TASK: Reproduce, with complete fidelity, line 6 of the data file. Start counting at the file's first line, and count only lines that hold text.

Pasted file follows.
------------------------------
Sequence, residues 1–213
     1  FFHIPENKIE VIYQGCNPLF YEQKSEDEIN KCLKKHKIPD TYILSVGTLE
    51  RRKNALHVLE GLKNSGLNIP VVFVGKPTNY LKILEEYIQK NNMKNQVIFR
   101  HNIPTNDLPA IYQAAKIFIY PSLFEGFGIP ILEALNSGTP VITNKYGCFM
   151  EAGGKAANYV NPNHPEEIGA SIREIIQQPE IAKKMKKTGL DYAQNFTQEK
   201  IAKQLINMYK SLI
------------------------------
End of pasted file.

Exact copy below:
   201  IAKQLINMYK SLI